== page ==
While most pitchers can’t hit, it’s fun to watch those who can — and sometimes those who can’t. The St. Louis Cardinals shouldn’t be pro-DH in the NL.
St. Louis Cardinals fans have heard the tired old arguments for bringing the designated hitter to the National League: It will increase offense, eliminate the automatic out that occurs when most pitchers bat, and ensure a roster spot for a good-hitting, fielding-challenged ballplayer.
The drawback of a National League DH? From the Cardinals standpoint, it would mean no more extra-base hits by Adam Wainwright, no more furious, fall-down swings by Carlos Martinez, and no more shock-the-world singles by .077-hitting Dakota Hudson.
Former Reds and Nationals general manager Jim Bowden has reported that there is a “growing belief” that the DH could be installed in the National League as soon as 2021. Makes sense. In the wake of the Astros sign-stealing scandal, commissioner Rob Manfred and general managers are sure to make some headline-grabbing changes, especially changes that increase offense and divert attention from baseball’s most recent black eye.
Would the DH be a disaster for the NL? No. It would bring more runs across the plate, and bring rules in alignment with the AL, which has employed the DH since 1973. Would it make the NL game more entertaining? Not necessarily.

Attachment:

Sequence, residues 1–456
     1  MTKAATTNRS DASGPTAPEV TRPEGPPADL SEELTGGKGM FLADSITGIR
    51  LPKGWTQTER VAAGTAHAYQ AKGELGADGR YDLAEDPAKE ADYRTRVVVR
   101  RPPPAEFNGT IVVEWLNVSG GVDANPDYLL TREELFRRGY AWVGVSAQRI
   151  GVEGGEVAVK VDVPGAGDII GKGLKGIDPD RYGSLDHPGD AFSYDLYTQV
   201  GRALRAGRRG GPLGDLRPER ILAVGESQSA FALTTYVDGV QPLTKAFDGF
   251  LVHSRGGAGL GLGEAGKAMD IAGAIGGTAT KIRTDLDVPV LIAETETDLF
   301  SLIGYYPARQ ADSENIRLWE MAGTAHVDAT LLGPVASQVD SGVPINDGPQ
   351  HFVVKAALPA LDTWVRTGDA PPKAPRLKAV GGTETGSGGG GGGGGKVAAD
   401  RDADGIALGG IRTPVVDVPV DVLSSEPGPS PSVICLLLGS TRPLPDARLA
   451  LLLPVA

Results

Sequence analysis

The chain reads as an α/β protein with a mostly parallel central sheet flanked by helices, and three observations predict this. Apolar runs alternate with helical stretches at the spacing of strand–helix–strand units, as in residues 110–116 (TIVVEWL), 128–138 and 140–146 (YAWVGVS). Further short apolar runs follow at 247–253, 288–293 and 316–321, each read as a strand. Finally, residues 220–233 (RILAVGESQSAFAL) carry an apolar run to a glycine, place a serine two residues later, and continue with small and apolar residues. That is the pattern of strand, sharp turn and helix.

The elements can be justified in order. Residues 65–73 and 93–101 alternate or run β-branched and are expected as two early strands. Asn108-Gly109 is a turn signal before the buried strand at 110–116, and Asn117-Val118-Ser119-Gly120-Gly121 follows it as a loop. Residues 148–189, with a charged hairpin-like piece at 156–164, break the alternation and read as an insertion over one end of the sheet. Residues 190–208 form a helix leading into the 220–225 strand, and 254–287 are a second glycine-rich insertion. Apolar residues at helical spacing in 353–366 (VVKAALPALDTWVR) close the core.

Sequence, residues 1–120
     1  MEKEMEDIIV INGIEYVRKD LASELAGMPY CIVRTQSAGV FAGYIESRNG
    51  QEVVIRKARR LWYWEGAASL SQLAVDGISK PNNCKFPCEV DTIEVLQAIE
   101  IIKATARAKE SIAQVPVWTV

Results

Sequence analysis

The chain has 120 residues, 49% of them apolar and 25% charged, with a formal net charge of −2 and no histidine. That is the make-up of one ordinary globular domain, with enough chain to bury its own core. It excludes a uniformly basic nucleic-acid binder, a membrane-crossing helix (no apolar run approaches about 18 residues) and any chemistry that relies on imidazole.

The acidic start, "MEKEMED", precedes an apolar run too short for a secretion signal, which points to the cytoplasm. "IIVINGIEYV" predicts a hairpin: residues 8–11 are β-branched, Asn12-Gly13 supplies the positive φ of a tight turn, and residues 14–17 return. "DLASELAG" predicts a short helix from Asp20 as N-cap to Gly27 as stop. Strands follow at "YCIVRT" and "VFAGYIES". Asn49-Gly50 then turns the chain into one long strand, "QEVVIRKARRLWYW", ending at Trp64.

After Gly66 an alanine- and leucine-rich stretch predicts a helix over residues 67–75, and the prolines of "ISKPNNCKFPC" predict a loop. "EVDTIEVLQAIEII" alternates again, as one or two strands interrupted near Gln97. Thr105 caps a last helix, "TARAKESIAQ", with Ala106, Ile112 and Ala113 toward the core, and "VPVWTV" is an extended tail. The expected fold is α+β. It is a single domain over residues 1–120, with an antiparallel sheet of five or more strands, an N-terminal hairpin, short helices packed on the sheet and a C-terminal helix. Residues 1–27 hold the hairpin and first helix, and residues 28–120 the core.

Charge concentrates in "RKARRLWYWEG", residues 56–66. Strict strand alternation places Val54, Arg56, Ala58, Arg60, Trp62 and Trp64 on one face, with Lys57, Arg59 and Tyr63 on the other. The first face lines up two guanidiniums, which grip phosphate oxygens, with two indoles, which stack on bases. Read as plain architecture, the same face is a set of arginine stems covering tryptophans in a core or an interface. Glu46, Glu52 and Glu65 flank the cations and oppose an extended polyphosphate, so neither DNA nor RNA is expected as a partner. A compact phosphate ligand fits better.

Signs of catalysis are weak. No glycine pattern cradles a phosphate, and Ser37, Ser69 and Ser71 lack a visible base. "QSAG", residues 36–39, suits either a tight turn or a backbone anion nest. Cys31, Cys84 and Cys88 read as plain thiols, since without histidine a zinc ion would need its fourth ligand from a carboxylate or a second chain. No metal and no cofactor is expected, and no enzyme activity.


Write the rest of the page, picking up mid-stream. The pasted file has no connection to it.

Most modern pitchers are wretched hitters, but there’s a considerable range in their competence and style, from the comically inept, like .083-hitting ex-Cardinal Lance Lynn, to the rock-solid Zack Grienke, who hit .280 with an .888 OPS (in 56 plate appearances) with the Diamondbacks and Astros last year.
While pitchers come in every shape and size, from the Rangers’ 6-5, 280-pound Lynn to the Dodgers’ 6-1, 174-pound Joe Kelly, another ex-Cardinal, DHs tend to come in one, thickly muscled version. Last year, the AL’s average starting DH was 6-foot-2, weighed 230 pounds, hit 25-plus home runs, struck out a ton, and ran the bases like a pregnant sloth.
Sure, they produced offense, but there was a sameness to these sluggers. Does any AL fan look at a lineup and think, “Yes! Our DH can outhit their DH?” In the NL, you may count a tiny edge when your pitcher can actually hit a little, and the opposing hurler cannot. Or feel disadvantaged when the Cardinals’ Dakota Hudson (.077 batting average, .171 OPS) squares off against the Brewers’ Brandon Woodruff (.254 average, .653 OPS).
A decent-hitting pitcher should benefit from that skill, just as he benefits from fielding prowess and a good pickoff move.
Also, watching a pitcher really slug one, as rare as it is, is a pause-the-TV-and-call-someone moment. Or, if an opposing pitcher thumps one against the Cards, it’s a howl-with-misery moment. Either way, it’s more entertaining than watching a DH do what he’s supposed to do — smack it deep and waddle around the bases.
Besides, evaluating an unfamiliar pitcher’s stance and swing is an enjoyable, if condescending, pastime for many a fan. “Hey, he holds that bat like he knows what he’s doing!” “That wasn’t a half-bad swing!” “That woulda been a single if the shortstop hadn’t got in the way!”